Many of the union lifeguards working in Los Angeles County make more money than the governor’s $210,000 salary, and the top earners were approaching $400,000, and they can thank a powerful union that took advantage of a noncompetitive contract, according to a new report.
John Miltimore has written at the Foundation for Economic Education that an OpenTheBooks review found the top earner was Fernando Boiteux, who got $291,971 in salary, benefits and perks as “acting chief lifeguard” in 2019.
Second was Capt. Daniel Douglas, whose compensation was only $368,668.
“Nearly all the top paid lifeguards were men, the report notes, and pay was driven largely by overtime. In fact, 31 lifeguards made between $50,000 and $131,500 in overtime compensation alone,” he reported.
The “extraordinary” pay is because of “an influential lifeguard union and a splash of cronyism,” the report said.
He cited Wall Street Journal, which reported, “The Los Angeles County Lifeguard Association makes [the lucrative compensation] possible. Since 1995 the union has bargained for better wages, hours, benefits and working conditions.”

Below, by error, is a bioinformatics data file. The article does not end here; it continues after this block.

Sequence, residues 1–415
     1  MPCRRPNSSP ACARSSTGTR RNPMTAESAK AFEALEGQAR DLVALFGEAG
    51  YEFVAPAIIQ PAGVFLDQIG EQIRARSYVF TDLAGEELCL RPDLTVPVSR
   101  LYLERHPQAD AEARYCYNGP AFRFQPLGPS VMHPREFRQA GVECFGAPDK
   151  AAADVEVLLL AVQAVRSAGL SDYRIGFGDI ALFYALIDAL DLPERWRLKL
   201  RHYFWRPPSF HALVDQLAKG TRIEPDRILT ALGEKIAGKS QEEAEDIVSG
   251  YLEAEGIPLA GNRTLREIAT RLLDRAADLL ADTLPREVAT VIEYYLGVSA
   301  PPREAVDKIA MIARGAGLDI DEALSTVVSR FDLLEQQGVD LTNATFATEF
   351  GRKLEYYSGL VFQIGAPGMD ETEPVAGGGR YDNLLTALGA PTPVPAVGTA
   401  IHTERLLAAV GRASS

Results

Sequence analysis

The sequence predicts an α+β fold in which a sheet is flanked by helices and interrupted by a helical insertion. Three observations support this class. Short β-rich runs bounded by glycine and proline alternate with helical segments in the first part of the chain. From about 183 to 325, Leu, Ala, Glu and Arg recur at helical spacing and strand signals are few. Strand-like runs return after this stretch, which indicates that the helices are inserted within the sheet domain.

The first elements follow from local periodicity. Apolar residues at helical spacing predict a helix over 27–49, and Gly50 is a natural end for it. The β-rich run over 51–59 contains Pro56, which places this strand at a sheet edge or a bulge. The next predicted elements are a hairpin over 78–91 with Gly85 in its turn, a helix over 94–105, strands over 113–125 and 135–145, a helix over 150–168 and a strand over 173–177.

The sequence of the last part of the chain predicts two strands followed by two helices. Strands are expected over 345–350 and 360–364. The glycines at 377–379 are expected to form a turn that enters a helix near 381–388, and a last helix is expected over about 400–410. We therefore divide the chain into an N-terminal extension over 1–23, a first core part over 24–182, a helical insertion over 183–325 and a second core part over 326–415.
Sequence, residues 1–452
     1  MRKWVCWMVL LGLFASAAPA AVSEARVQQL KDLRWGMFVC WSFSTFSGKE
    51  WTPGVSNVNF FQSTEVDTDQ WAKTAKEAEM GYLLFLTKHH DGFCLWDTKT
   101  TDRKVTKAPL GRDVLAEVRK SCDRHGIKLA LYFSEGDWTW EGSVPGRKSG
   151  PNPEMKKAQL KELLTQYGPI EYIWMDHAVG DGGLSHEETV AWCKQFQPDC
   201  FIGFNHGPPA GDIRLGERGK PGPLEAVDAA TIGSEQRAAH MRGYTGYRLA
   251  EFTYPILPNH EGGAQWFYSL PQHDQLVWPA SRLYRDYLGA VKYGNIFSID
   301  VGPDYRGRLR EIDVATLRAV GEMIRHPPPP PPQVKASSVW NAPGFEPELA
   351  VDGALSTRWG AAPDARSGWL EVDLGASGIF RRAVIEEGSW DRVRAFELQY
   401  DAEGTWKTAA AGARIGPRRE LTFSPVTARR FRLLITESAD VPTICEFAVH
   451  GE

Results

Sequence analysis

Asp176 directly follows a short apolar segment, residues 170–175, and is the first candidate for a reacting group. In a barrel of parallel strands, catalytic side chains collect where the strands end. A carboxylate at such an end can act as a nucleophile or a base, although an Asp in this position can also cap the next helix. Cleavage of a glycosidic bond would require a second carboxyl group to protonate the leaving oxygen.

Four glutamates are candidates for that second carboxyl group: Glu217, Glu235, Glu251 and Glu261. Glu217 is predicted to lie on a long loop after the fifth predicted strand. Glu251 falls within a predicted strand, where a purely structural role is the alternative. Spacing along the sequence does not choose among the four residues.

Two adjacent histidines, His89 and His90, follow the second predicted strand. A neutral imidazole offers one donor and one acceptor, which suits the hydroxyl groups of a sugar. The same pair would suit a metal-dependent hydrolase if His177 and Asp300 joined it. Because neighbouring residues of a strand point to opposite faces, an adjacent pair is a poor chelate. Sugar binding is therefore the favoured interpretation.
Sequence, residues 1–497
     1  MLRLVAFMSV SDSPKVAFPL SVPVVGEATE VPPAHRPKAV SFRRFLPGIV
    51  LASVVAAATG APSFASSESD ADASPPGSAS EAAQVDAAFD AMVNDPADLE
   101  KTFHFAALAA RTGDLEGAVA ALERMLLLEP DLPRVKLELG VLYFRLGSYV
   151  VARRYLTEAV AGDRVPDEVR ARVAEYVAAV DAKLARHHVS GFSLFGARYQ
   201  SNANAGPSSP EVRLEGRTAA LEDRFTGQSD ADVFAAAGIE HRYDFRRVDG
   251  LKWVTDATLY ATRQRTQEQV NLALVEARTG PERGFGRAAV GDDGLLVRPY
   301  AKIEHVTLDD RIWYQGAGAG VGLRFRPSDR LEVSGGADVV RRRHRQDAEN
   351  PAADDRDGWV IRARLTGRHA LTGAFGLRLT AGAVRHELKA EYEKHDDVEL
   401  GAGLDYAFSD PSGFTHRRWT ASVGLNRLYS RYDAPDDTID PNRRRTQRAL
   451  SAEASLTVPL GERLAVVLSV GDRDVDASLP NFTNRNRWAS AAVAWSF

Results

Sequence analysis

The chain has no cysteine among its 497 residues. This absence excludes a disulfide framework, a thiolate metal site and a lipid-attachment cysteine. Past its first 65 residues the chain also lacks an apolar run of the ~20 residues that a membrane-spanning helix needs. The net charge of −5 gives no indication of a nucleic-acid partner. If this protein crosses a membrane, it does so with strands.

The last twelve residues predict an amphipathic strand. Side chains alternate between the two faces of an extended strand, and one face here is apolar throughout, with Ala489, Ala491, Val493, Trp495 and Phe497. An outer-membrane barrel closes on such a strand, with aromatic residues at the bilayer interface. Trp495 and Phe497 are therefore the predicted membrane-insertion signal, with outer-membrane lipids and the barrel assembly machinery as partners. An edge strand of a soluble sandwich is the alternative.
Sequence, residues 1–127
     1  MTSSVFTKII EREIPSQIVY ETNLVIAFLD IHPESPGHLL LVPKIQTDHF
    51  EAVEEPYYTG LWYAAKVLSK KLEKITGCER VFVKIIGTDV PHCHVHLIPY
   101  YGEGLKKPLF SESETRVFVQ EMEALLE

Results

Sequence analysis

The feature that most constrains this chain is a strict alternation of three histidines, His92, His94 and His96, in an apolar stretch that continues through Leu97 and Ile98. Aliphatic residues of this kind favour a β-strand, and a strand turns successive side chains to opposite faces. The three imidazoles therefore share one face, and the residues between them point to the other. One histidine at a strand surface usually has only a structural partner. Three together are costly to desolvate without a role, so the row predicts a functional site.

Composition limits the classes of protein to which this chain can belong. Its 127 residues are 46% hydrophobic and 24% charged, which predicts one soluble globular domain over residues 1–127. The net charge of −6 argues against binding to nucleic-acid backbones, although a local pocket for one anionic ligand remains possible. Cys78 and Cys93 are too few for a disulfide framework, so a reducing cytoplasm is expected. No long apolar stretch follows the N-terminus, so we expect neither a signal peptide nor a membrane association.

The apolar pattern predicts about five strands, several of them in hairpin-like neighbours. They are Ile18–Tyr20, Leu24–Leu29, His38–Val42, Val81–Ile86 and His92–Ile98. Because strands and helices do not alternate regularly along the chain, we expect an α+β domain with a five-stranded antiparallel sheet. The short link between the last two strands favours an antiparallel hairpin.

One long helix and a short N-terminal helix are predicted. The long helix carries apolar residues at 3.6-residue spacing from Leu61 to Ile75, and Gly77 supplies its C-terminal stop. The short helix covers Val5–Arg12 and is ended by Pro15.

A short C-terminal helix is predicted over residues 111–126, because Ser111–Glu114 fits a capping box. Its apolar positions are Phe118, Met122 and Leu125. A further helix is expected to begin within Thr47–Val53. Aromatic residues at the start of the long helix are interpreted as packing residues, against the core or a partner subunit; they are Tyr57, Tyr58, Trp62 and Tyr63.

But since unions always have those goals, also cited was a “lucrative contract” given to the union through a non-competitive deal between the county and Santa Monica.
“In 2009 the city of Santa Monica signed a 10-year, $25 million contract with the county for lifeguard services. In 2019 the city extended the contract for five years and $17 million,” the Journal reported. “There were no identified competitors and the contract wasn’t put out for bid.”
Miltimore noted the lifeguards are not to blame, because it’s the county that agreed to the pay.
He explained economist Milton Friedman “famously” noted one of the ways to spend money was to “spend somebody else’s money on somebody else”
That’s the category in which LA County falls, he said.
Friendman said, “If I spend somebody else’s money on somebody else, I’m not concerned about how much it is, and I’m not concerned about what I get.”
Explained Miltimore, “For those trying to better understand how a state as wealthy as California can lead the nation in poverty, the lifeguard salaries offer a clue. This isn’t to say lifeguards aren’t valuable. As someone rescued by one I can attest to the fact that they are.
“It’s just to say that when lifeguards are pulling in nearly $400k a year, it’s a sign that there’s a lot of people spending other people’s money on other people.”
Content created by the WND News Center is available for re-publication without charge to any eligible news publisher that can provide a large audience. For licensing opportunities of our original content, please contact [email protected].
This article was originally published by the WND News Center.